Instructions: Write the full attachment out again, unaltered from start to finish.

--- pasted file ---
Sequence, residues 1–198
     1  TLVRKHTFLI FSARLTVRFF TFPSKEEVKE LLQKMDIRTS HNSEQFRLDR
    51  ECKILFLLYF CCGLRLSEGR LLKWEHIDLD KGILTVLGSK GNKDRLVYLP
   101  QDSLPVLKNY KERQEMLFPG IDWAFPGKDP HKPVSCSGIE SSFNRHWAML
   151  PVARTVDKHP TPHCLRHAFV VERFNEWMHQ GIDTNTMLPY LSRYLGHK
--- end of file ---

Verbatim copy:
Sequence, residues 1–198
     1  TLVRKHTFLI FSARLTVRFF TFPSKEEVKE LLQKMDIRTS HNSEQFRLDR
    51  ECKILFLLYF CCGLRLSEGR LLKWEHIDLD KGILTVLGSK GNKDRLVYLP
   101  QDSLPVLKNY KERQEMLFPG IDWAFPGKDP HKPVSCSGIE SSFNRHWAML
   151  PVARTVDKHP TPHCLRHAFV VERFNEWMHQ GIDTNTMLPY LSRYLGHK